“(The farm bill) is a tremendous insurance program. It ensures that, as the global community and economy move into new, uncharted waters in the new century, we maintain a safe domestic supply of food.
“We’re at a crossroads. In the next several years, we can move towards more dependence on imported. But I have to believe, with Americans seeing what that (kind of set-up) is doing to our gas prices and understanding our dependency on imported oil, that they won’t want to contract out our food supply.
“People must be rational and understand the original intent of the farm bill. Yes, we can expand and modernize it. But…some will have to realign their thoughts because there’s a lot at stake here. Too many…want to make it into something new and glamorous. No problem, but don’t forget its original intent and purpose.”
On dynamics in Congress and the biggest hold-up for a new farm bill…
“I think if you go back and look, you’ll find that the people representing farming America — areas or states heavily in agriculture — have come to agreement, have worked out differences…
The biggest hold-ups we have (are often due) to those who don’t understand farm bill programs — and the conservation and commodity programs can be complicated in many instances. And they don’t want to take the time to understand those programs’ importance. That’s unfortunate because they end up squabbling over some minute detail that does nothing but slow the train down…
“I think a lot of members will come back from the break saying, ‘People must be fair and thoughtful. Let’s move this forward and send it to (President Bush).’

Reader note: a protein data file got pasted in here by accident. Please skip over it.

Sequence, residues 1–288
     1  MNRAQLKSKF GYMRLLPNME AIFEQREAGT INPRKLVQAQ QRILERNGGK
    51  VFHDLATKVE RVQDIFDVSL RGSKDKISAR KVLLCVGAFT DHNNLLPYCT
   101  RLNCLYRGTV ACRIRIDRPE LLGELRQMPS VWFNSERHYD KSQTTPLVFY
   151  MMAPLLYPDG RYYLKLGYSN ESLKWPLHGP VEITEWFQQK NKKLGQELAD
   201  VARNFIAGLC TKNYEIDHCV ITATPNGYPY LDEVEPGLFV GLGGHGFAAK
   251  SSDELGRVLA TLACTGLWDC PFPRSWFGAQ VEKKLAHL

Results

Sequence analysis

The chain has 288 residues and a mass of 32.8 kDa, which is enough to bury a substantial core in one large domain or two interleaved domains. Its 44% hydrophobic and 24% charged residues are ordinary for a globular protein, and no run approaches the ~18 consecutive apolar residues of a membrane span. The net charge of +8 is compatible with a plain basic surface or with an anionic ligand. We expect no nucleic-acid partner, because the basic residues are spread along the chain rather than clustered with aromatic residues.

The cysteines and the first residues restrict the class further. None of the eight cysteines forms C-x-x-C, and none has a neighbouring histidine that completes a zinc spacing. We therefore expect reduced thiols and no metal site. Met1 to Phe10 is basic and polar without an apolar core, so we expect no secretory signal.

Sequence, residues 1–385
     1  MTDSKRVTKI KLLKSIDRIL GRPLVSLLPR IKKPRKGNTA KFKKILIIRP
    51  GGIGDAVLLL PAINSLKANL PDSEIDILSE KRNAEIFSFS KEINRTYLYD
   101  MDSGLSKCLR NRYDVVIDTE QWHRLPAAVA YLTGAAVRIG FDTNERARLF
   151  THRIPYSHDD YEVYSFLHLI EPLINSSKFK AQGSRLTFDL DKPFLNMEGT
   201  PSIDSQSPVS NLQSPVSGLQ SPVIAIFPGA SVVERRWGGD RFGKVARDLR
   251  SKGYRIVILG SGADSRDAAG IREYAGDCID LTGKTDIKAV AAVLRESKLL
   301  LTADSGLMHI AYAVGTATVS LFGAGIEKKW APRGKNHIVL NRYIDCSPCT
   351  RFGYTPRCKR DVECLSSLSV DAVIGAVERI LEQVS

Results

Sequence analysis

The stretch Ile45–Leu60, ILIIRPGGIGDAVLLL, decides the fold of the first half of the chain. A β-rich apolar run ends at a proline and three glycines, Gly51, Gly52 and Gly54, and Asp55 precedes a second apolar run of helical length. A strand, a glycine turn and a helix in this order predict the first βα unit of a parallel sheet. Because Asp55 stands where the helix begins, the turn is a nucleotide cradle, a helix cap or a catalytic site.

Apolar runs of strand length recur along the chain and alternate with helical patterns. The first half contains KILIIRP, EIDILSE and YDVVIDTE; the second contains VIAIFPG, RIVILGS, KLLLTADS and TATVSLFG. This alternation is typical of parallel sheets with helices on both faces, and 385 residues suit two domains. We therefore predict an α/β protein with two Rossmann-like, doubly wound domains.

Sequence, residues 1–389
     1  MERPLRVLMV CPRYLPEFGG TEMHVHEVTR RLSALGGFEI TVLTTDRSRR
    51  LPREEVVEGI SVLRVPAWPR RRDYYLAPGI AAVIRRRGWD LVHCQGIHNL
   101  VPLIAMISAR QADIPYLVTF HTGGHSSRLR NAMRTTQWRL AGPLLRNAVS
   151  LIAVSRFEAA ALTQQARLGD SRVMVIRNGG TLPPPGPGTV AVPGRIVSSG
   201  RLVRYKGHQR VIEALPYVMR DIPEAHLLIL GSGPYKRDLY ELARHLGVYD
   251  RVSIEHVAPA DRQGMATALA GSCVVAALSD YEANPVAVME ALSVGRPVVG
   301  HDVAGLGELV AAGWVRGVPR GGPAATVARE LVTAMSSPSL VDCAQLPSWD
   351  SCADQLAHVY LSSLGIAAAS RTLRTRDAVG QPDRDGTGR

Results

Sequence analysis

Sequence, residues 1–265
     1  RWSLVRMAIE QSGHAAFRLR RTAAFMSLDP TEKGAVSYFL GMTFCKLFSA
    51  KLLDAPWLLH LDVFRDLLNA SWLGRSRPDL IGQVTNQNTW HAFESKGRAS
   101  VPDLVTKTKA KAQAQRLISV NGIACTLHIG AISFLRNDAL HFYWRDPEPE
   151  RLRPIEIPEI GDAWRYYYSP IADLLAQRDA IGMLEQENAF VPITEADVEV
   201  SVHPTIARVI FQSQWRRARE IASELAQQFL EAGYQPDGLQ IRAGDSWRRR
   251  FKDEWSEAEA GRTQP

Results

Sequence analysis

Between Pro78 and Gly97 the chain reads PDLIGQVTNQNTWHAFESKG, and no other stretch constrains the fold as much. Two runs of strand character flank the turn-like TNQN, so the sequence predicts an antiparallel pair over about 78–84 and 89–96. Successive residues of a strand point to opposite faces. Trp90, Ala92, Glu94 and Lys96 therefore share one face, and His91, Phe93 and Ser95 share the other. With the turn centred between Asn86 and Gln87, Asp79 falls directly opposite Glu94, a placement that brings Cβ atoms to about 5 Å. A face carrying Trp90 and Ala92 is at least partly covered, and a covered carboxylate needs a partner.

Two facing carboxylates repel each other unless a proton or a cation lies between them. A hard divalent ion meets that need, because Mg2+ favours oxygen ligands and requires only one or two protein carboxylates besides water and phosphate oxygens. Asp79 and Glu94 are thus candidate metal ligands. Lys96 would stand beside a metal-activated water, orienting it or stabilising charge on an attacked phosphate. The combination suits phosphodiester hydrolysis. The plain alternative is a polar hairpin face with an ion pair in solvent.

“Who knows what (Bush’s) thought of the day will be in terms of a veto. We never know because it changes from day to day.
“But I can’t believe that after all the work we’ve done, with all the bipartisanship, all the thoughtful balancing…the president would veto what we send him.”
“Tell your readers that their stories matter. We’ve had lots of (anecdotes) coming in.
“One (politician) was up here talking about cutting direct payments — that the payments weren’t needed because (ag commodity) prices are so high.
“There was a gentleman in central Arkansas who let us know that he uses the direct payment to buy supplies in the off-season, when prices are cheaper. However, now that (input) prices are going sky-high the direct payment won’t cover as many of those expenses.
“We cut back on the counter-cyclical program. People said, ‘Well, no one will use that.’ Well, they won’t need to since prices are high. But everyone knows that those prices won’t stay high.
“And this is a five or six-year bill. And if there is a big problem (that develops during the bill’s life), farmers need to know there are programs that will be available…
“They need to know that direct payments will be there for them…They need to know that this bill isn’t something just for this year, when prices are high. They need to know the bill is a long-term insurance plan that makes sure we have a safe, abundant, domestically supplied food source, that it provides Americans the kind of food they’ve grown accustomed to and appreciate.
“The other thing is agriculture is allowing us not to slip into a trade deficit. The trade surplus in agriculture helps be the glue in our economy...If, all of the sudden, we begin importing more food because we’ve put our farmers out of business, that will wreak havoc on our economy.”